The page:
Thursday, August 5, 2021—The Allegheny River Trail

The drive yesterday took us from Indiana east into Ohio, overnighting in Franklin, Pennsylvania, just north of Pittsburgh.

After waking up, we followed much the same routine as yesterday.

Kay dropped me off at the trailhead, and while I cycled she walked around the historic oil town of Franklin. Franklin sits on French Creek and the Allegheny River, which was a great spot for Native Americans to build shelter. In 1740, Scottish fur trader John Fraser built a trading post in Franklin. Once the trading post was abandoned, British fur traders planned to reconstruct it. George Washington was sent to Franklin to warn the French that they were trespassing on British land. The French did not leave; instead they created Fort Machault, where they amassed large forces to attack Fort Pitt (now Pittsburgh) in an effort to reclaim Fort Duquesne. The French then had to rescue Fort Niagara, but before leaving they burned Fort Machault to the ground. In 1760, the British erected Fort Venango. In 1763, Native Americans killed many British. The American Colonial Forces then constructed Fort Franklin named after Benjamin Franklin. Once oil was discovered in nearby Titusville, Franklin became a booming oil town. Once oil companies moved west, Franklin created machinery companies. Franklin was ranked in America’s Top Ten Streets in 2019.

Back to the Allegheny River Trail. The trail follows the route used by the Allegheny Valley Railroad, later the Allegheny Division of Pennsylvania Railroad, to haul oil. The Scrubgrass Generating Company subsequently acquired it in 1984 and donated it to the nonprofit Allegheny Valley Trails Association. I cycled from the Brandon Trailhead to Emlenton.

Brandon to Emlenton

After Kay dropped me off at the Brandon Trailhead, adjacent to the Allegheny River, I began cycling south on the paved Allegheny River Trail.

Near Brandon Trailhead
Good paved trail

The paved trail soon veered onto gravelly North Kent Road for 0.75 mile through the Sunny Slopes community, with large limestone gravel loudly caroming off the bicycle tires.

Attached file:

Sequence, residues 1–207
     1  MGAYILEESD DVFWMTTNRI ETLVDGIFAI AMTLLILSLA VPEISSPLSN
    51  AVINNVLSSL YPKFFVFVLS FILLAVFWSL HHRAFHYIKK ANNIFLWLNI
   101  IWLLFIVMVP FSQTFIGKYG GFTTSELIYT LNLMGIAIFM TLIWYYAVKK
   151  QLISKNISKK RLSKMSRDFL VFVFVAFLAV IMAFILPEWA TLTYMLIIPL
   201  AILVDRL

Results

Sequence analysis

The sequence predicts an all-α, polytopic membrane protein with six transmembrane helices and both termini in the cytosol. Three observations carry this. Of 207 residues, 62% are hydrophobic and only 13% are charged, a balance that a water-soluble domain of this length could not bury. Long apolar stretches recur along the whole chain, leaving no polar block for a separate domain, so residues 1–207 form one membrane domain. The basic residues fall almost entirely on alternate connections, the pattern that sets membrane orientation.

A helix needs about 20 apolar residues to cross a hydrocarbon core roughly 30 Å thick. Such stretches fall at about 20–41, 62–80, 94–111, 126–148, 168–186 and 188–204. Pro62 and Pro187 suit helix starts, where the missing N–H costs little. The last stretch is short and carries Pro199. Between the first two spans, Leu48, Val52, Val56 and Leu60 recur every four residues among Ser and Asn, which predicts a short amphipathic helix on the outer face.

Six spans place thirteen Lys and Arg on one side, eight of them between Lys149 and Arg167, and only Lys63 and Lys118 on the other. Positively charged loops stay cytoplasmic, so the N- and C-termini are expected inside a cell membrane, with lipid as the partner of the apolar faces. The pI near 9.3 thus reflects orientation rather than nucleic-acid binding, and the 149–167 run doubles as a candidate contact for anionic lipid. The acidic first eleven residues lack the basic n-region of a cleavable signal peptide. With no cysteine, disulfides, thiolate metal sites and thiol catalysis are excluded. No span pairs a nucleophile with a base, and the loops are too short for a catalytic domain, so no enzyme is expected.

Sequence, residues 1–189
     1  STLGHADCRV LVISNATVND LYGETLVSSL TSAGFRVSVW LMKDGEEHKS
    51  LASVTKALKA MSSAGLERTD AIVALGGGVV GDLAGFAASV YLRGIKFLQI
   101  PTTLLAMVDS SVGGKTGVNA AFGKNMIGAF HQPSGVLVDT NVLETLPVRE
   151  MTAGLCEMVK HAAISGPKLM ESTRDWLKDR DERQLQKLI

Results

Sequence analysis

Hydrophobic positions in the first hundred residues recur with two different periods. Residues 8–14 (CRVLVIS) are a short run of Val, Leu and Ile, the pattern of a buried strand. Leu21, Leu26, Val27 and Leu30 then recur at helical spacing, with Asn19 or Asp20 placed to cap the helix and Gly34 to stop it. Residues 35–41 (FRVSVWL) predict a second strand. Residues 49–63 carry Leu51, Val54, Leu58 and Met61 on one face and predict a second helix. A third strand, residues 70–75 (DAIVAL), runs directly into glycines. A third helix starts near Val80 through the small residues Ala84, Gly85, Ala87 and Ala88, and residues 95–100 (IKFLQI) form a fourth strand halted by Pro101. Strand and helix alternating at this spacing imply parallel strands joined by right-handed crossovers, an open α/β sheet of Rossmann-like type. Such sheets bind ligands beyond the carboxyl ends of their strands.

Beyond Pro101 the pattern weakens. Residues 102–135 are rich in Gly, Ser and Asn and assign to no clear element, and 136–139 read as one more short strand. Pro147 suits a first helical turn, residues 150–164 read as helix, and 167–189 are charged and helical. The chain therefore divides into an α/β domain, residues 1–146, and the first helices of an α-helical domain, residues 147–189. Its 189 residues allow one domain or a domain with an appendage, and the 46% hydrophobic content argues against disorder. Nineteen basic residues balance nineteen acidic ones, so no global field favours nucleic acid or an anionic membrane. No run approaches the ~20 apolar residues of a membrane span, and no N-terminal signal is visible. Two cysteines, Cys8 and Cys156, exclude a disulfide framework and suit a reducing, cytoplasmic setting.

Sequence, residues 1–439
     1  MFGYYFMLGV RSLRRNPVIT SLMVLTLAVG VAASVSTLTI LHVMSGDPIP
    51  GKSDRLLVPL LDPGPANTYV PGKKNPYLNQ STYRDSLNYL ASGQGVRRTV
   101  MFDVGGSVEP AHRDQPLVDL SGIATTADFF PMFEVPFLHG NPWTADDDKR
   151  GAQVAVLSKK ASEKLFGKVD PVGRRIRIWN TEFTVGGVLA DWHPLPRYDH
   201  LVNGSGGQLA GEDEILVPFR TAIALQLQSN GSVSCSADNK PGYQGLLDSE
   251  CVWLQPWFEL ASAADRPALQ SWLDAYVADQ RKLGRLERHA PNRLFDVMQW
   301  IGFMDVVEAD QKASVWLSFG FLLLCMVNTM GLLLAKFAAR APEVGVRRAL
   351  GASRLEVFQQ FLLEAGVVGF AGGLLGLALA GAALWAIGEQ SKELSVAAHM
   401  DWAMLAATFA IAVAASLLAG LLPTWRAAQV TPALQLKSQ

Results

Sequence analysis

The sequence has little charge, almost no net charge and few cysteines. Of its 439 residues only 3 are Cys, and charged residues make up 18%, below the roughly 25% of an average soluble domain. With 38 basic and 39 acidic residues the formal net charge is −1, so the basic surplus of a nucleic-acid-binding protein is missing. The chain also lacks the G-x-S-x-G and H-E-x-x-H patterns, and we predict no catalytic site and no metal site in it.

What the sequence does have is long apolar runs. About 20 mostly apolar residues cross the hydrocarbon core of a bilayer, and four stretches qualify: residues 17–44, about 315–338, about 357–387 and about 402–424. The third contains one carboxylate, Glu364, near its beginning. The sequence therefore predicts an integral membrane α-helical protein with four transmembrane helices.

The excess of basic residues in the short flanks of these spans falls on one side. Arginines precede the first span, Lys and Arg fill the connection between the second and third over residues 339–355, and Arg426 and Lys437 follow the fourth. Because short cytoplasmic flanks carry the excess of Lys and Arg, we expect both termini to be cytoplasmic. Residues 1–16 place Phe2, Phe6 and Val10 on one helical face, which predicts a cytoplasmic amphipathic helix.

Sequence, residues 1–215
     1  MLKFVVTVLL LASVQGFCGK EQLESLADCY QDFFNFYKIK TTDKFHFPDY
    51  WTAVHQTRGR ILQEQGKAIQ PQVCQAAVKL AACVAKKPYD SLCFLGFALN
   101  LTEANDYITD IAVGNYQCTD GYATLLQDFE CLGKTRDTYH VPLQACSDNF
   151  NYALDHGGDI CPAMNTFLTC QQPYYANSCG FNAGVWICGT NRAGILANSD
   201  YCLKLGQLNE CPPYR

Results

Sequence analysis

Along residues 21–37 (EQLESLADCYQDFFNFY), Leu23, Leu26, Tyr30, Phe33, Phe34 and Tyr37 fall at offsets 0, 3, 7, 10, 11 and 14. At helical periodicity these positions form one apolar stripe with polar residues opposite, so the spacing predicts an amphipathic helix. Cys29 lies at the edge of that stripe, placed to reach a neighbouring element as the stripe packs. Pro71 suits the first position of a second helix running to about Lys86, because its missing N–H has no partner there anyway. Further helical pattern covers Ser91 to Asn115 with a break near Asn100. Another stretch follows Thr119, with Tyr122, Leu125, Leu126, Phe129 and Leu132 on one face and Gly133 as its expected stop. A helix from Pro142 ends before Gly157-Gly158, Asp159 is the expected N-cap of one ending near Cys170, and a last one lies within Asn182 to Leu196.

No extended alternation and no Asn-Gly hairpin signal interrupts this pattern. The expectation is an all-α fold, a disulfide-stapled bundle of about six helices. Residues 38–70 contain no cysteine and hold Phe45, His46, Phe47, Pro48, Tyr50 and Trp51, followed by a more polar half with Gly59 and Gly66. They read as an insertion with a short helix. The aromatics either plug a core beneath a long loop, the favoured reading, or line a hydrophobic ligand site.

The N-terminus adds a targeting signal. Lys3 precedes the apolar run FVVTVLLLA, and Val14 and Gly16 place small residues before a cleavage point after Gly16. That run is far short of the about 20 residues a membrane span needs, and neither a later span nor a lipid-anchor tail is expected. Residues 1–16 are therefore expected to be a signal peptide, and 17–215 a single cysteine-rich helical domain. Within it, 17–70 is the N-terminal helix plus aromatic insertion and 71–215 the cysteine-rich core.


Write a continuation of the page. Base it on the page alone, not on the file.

Gravel made for difficult cycling

Back on an asphalt section of trail, the opening of the 3,300-foot-long Kennerdell Tunnel barely came into view on the foggy, canopied trail. This was a really dark tunnel, but the handlebar mounted LED provided sufficient light to safely pedal through the tunnel.

Kennerdell Tunnel
Kennerdell Tunnel

About here, the trail became quite washboarded from roots growing under the asphalt, often to the point that it felt like riding a bucking bronco. Continuing on the heavily tree shrouded trail, a waterfall could be heard, and then came into view.

Further down the trail, a derelict train car from many years ago was nearly hidden by vegetation.

After a few more miles, the Rockland Tunnel, 2,868 feet long, came into view. As with the Kennerdell Tunnel, this tunnel’s dogleg resulted in total darkness, but no problems.

Much of the remaining trail was surrounded by a protected natural area.

And then, near Emlenton where Kay was waiting, the trail was heavily fenced as an old hazardous industrial site had been abandoned.

From Emlenton, we drove north to Titusville, site of the first oil well in the US. Much of the area in this part of Pennsylvania was heavily dependent on the oil industry, and some industry, such as a huge refinery, remains to this day.

After Titusville, our trip took us to Wellsboro, Pennsylvania, where we would overnight Thursday and Friday.

2 thoughts on “Thursday, August 5, 2021—The Allegheny River Trail

  1. That’s a LOT of pedaling!! That gravel roadway looked hazardous! (Hope you carry a first aid kit!)
    Enjoy the scenery!
    Mary Seitz

    • Thanks, Mary. The peace, quiet, and tranquility from cycling these trails is good for the soul. We still have to do all or part of the Arkansas River Trail!

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